Mandelbrot’s “The (mis)Behavior of Markets” is a bit annoying as it implies that Mandelbrot invented fractals. The 1904 Koch curve was probably the first fractal well known to mathematicians. His introduction to fractals on page 116 seems accurate however.

Mandelbrot revived interest in fractals, named them and first showed how they might be profitably applied as a mathematical tool. He added substantially to their theory. He gave us the magnificent Mandelbrot set, but he writes with a chip on his shoulder. Mathematics is indeed sometimes adversarial and attribution is sometimes lacking. It is unfortunate that one cannot go for more than a few pages without being continually reminded of this. The book improves in this regard in later pages.

Modeling markets is not like modeling most physical systems: To understand the market and apply that understanding is to change the market! Perhaps there is a fix-point—perhaps not. It is slightly analogous to quantum mechanics where merely to observe a system is to change it. In both cases a successful theory must recognize this. Game theory explicitly recognizes that both players understand the game. Game theory and market theories must implicitly include a theory of mind. (Some think that an interpretation of QM must also.)

I like his example of the Cauchy distribution in contrast with the Gaussian distribution. I suspect that Cauchy’s example serves best to dislodge those with a religious devotion to the normal distribution which may result from the extreme beauty of properties of that distribution—several graduate courses full.

I suppose Google will have to do as an appendix to this book that suffers from too few equations. Indeed there are many notions that remain hazy for lack of equations. The term “H” is not adequately defined and Google does not help with such names. There are a few equations in the appendix but even those are mostly inadequate.

As of page 54 I am surprised that he has not yet noted that if some simple pattern recognition were to predict ‘movement on the exchange’, that that pattern would have been discovered, exploited and thus extinguished. In short—pattern arbitrage. To quote Beunza, Hardie & MacKenzie:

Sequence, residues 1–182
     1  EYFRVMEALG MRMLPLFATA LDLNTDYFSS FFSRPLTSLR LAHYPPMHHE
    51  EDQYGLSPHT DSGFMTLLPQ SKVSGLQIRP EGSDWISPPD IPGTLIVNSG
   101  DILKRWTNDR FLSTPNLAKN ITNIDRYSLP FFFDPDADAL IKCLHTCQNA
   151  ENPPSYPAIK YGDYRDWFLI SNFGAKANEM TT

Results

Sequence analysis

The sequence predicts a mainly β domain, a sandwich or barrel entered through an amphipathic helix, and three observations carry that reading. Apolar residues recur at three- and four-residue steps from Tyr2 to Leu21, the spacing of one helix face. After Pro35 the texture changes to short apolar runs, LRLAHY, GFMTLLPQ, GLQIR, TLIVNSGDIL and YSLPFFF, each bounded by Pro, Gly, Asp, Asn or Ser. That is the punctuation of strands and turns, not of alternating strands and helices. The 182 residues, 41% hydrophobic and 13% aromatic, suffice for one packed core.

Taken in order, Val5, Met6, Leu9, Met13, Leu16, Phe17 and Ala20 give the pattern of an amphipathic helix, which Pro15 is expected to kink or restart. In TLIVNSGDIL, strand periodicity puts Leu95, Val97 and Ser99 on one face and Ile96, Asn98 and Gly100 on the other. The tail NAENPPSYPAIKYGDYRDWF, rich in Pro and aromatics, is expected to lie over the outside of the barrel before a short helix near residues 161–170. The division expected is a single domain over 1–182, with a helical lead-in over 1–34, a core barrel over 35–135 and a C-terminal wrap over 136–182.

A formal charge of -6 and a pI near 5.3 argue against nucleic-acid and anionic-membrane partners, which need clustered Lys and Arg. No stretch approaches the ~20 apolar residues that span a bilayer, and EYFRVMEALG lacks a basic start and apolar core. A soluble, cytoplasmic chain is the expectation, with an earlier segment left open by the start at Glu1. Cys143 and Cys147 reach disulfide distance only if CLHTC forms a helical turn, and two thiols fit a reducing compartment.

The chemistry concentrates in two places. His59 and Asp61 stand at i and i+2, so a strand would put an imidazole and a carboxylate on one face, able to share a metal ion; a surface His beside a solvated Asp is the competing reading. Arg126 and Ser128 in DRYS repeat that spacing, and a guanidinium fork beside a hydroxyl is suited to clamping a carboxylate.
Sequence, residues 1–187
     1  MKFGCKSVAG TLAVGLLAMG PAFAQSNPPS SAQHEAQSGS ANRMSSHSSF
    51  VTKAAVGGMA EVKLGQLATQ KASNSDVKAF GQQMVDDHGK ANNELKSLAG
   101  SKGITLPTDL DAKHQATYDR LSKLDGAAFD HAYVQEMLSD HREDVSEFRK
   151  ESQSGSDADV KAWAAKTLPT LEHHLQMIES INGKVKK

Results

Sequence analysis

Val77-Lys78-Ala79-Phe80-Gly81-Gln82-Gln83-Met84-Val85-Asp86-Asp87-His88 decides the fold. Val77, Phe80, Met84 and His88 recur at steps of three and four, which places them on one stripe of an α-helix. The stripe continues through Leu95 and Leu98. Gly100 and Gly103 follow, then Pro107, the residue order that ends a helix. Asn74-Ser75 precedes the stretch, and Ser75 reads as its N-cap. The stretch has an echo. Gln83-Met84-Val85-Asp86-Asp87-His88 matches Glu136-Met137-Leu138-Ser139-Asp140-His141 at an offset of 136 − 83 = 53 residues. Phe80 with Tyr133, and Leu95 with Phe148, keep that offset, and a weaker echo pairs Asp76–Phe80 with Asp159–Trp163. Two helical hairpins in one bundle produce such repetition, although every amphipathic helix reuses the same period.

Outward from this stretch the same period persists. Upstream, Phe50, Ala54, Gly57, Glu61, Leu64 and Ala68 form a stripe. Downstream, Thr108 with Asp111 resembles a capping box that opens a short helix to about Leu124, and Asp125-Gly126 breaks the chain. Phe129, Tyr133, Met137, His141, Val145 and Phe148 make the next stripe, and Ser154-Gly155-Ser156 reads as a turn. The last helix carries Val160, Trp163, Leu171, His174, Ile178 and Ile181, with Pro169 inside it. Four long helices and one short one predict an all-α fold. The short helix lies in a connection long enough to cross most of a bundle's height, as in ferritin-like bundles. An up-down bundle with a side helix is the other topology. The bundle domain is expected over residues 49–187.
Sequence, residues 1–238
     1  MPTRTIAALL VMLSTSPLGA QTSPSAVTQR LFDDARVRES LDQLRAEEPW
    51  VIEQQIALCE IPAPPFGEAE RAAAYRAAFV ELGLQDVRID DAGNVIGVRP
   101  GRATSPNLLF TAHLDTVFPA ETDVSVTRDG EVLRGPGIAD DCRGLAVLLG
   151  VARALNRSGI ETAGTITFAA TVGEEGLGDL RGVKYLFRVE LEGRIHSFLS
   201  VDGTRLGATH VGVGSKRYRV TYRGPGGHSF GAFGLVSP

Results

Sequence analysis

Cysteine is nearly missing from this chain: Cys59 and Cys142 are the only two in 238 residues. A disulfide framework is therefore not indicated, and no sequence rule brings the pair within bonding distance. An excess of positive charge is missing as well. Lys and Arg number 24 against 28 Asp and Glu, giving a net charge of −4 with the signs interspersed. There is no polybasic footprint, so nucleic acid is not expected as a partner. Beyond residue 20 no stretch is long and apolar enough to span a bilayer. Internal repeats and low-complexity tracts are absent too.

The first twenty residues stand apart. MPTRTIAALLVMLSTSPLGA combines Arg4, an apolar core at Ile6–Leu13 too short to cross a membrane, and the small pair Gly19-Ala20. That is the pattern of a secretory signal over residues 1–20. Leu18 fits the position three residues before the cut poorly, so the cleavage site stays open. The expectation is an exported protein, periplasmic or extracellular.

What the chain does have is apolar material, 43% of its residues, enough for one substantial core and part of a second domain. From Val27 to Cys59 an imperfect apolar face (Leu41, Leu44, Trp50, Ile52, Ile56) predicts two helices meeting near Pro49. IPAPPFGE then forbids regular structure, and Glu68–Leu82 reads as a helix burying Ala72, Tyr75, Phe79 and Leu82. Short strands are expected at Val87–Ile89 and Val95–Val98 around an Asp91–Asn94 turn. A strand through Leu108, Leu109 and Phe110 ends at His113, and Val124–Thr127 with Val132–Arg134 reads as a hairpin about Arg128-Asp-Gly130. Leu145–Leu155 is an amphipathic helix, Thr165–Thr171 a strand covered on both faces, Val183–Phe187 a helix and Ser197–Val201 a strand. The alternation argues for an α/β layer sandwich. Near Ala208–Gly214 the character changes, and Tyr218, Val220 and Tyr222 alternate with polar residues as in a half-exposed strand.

The best that one can hope for is to occasionally find an ‘arbitragable’ pattern and milk if briefly. (It is only brief because some set of traders who cause the pattern will start losing and either stop causing the pattern or leave the market when they lose their shirts.) Usually one class of trader will unwittingly cause a pattern as when ‘day traders’ liquidate their holdings over a weekend. This causes a pattern of weekend lows that an arbitrageur can exploit by buying on Friday and selling on Monday. Such patterns are easily enough found that the game or arbitrage is a commodity service and yields only commodity profits—barely worth the effort. Such remaining patterns will become ever less frequent, especially with the advent of computers seeking such patterns. Such a ‘resource’ is thus soon depleted. Such pattern seekers have no motivation to reveal themselves, unless, of course, they fail and want to ‘sell the services of their methods’ instead of making a profit trading.

This point is covered at the end of page 55.

Mandelbrot’s work is much in the same fashion as Wolframs’s “A New Kind of Science”. They are both descriptive and try to use our ability to see similar geometric patters in mathematical and real-world phenomena. These are both signs of an early phase of science. I think they are both promising but both still tentative.